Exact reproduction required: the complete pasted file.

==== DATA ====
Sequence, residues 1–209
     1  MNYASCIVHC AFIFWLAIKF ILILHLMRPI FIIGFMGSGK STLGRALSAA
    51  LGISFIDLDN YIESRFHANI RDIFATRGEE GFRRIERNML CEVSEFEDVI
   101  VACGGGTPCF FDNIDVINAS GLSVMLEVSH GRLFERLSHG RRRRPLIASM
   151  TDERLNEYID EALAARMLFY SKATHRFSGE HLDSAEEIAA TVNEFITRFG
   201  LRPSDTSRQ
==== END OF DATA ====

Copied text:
Sequence, residues 1–209
     1  MNYASCIVHC AFIFWLAIKF ILILHLMRPI FIIGFMGSGK STLGRALSAA
    51  LGISFIDLDN YIESRFHANI RDIFATRGEE GFRRIERNML CEVSEFEDVI
   101  VACGGGTPCF FDNIDVINAS GLSVMLEVSH GRLFERLSHG RRRRPLIASM
   151  TDERLNEYID EALAARMLFY SKATHRFSGE HLDSAEEIAA TVNEFITRFG
   201  LRPSDTSRQ